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I'm writing a program that invokes multiple C based functions (p/Invoke) in multiple threads.

From time to time, the program crashes with a access violation error. My first thought was that the GC optimized the memory and moved the chunk of memory, that the C function was working on, to a different location.

What I would like to do is have the GC working but disable the part where it moves (defrags) memory.

Is there a way to do this?

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You probably cannot do that, and it would be implementation specific if you did manage to make it nearly work. (So it won't work on Mono, for example). Moving live data is an essential property of copying generational garbage collector. Read at least – Basile Starynkevitch Dec 30 '12 at 10:12
Are you aware you can pin memory in P/Invoke scenarios? – Simon Mourier Dec 30 '12 at 10:14
I'm using P/Invoke and also use AllocHGGlobal to pin the object before calling to the C function. Still from time to time I get crashes. When I run the program in Debug there are no crashes. Is there a place I can read the difference in GC operation in Debug and Release mode? – Gilad Dec 30 '12 at 16:02
Honestly, it sounds like your problem is not related to GC at all. It sounds more like a basic threading bug in your code. Debug builds do not change the behavior of the GC significantly, if at all, but do change the behavior of pretty much everything else. That might be worth considering. – jstine Dec 30 '12 at 16:35

As other answers have said, the first thing to do is to ensure that you are pinning objects correctly. Assuming you have done that, what else can go wrong?

class C
    public int handle;
    ~C() { InteropLibrary.DestroyHandle(handle); }

void M()
    C c = GetSomeObjectUsefulInUnmanagedCode();
    D d = InteropLibrary.UnmanagedMethodThatUsesHandle(c);
    // COMMENT

What if a garbage collection happens at COMMENT (*)? The garbage collector is free to say "hey, local variable c is never referenced again in this method; I can be aggressive and treat it as dead!". If the finalizer runs and the handle is destroyed then when the last method runs, it accesses a destroyed handle and crashes.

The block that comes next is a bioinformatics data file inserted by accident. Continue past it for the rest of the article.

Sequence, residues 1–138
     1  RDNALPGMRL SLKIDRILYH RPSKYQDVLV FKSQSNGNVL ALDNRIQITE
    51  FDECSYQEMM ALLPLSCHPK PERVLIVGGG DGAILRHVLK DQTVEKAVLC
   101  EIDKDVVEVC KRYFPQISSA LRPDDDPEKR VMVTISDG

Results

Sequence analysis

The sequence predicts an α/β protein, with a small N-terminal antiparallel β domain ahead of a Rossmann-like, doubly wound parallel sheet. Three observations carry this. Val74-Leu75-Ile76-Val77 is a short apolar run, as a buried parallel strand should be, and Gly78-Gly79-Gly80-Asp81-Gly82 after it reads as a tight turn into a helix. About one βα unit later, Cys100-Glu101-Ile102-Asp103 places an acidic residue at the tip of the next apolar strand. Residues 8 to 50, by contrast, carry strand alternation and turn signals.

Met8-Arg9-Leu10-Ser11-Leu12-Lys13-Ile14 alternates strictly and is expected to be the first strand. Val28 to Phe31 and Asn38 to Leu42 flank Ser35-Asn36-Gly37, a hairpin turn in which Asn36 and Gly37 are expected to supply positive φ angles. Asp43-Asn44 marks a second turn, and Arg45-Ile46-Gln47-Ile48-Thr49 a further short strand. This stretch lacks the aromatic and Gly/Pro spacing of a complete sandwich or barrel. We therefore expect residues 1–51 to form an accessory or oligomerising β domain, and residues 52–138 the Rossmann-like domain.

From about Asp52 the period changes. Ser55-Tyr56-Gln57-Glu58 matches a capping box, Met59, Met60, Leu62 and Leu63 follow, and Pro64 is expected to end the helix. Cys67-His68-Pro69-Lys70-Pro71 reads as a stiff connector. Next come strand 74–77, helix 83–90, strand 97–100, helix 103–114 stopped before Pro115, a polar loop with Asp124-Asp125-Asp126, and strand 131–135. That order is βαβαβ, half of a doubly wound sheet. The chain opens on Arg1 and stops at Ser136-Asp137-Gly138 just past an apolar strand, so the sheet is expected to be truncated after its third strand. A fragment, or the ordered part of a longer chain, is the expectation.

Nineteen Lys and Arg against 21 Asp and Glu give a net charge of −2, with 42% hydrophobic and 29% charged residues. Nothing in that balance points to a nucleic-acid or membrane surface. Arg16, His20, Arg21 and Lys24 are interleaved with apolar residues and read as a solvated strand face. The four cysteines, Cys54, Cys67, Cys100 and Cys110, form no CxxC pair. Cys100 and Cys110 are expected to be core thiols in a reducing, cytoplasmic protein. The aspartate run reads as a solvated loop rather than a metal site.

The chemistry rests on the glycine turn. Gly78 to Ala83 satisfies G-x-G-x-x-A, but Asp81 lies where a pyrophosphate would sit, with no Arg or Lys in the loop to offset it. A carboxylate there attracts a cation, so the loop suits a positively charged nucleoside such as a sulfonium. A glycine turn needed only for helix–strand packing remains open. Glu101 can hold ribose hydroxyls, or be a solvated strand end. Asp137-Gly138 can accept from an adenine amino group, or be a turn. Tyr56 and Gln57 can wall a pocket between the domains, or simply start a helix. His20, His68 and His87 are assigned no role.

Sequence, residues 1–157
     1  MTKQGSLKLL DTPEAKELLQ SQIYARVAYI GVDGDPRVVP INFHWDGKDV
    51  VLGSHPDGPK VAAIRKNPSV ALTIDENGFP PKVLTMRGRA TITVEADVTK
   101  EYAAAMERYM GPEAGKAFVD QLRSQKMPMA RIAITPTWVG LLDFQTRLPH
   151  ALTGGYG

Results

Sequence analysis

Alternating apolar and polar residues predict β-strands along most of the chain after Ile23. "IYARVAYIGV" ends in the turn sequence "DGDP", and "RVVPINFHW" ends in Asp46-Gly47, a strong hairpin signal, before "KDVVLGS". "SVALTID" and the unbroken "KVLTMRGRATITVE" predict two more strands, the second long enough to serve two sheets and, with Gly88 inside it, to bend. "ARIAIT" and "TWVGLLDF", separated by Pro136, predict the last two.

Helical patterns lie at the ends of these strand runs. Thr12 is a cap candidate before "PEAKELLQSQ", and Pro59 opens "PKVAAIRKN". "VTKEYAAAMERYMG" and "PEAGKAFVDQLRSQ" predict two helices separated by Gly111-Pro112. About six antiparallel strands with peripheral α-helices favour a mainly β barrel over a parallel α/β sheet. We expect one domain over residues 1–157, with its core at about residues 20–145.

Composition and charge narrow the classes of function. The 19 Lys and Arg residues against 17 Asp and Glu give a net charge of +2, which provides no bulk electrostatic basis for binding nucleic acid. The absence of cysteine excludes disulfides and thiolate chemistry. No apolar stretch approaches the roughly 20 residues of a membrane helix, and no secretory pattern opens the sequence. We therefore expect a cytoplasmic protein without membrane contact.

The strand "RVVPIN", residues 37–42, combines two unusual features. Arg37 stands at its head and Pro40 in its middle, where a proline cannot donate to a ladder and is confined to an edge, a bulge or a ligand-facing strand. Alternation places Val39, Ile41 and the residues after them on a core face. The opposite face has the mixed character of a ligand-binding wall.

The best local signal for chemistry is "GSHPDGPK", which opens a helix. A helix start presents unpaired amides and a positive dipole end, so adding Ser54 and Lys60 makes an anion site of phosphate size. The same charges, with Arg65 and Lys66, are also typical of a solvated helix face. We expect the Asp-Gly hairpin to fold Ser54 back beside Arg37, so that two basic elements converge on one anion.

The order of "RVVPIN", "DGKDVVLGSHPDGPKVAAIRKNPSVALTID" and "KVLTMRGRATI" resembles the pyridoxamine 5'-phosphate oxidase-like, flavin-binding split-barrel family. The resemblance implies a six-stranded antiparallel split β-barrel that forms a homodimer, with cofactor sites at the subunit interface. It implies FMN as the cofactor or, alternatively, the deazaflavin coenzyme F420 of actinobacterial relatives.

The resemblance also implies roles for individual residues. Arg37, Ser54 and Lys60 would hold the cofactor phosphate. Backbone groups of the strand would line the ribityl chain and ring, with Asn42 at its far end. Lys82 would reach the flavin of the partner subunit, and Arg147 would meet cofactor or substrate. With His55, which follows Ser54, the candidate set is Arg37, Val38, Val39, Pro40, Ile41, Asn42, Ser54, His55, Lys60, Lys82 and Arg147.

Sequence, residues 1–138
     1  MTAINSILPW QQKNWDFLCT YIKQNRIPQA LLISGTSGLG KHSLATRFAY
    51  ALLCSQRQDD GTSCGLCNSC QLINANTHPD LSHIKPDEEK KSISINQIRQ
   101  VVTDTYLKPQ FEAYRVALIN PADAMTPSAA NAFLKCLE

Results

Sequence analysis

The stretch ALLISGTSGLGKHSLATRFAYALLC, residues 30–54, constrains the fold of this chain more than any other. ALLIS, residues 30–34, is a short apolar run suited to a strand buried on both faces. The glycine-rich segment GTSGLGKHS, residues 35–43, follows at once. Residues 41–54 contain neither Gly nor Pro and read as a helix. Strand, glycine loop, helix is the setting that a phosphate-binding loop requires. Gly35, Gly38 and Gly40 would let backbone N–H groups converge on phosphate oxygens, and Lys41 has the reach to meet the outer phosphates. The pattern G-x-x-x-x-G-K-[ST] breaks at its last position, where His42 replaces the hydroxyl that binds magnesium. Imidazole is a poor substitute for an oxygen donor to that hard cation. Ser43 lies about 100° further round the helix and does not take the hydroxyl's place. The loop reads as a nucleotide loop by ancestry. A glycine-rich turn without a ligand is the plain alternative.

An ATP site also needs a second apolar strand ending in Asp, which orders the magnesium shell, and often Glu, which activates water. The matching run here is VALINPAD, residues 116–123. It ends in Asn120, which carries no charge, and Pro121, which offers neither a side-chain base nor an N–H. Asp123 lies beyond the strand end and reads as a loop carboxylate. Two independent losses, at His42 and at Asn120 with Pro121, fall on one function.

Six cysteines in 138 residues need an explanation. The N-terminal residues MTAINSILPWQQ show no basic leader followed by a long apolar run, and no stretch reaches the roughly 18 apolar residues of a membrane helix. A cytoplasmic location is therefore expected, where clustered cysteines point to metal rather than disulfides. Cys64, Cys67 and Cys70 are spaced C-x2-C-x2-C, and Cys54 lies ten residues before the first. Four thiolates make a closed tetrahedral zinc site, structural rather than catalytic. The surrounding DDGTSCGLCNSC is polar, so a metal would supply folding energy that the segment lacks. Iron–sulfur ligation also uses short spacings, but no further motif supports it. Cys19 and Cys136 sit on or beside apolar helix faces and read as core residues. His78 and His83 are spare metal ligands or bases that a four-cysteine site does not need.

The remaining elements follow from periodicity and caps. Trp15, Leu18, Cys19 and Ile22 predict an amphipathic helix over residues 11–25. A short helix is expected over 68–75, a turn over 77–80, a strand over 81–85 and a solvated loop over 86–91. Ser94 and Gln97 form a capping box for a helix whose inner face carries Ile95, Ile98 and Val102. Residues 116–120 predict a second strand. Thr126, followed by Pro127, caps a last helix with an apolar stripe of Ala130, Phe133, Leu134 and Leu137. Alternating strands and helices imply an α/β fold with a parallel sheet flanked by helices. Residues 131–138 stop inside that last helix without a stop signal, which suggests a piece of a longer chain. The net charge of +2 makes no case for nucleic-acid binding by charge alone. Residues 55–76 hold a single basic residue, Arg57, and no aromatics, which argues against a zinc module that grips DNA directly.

To solve this rare but possible problem you can use GC.KeepAlive to tell the garbage collector to be less aggressive about cleaning up a particular reference. If you keep c alive until the end of the method then you know its destructor cannot possibly run.

(*) Of course the GC runs on a different thread, and can run at any time. The details of what operations are and are not interruptable by a GC are complicated and you shouldn't rely on those sorts of implementation details for correctness.

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You can use the fixed keyword in most cases.

From Eric Lippert's new blog it seems there are at least two other possibilities:

Note that in these two options require you to ensure the memory is correctly deallocated.

On a side note, if your problem is that a tiny bit of memory is moved around (causing access violations) then the solution is almost never to disable the entire moving-memory-around part.

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I do pin the objects before sending them to the C function. I still get crashes from time to time. – Gilad Dec 30 '12 at 16:02
@Gilad Then you should fix the error by figuring out why exacly does it crash, not trying to work around it by limiting the GC. – svick Dec 30 '12 at 18:38
I'm not trying to work around it, I'm trying to verify that this is the problem. – Gilad Dec 30 '12 at 19:17
@Gilad Can you post the relevant code around your p/invoke and the line where you get the error? – Andrei Dec 30 '12 at 20:20

I don't think you can do this globally, but you can use the fixed keyword to pin specific objects, with the desired effect.

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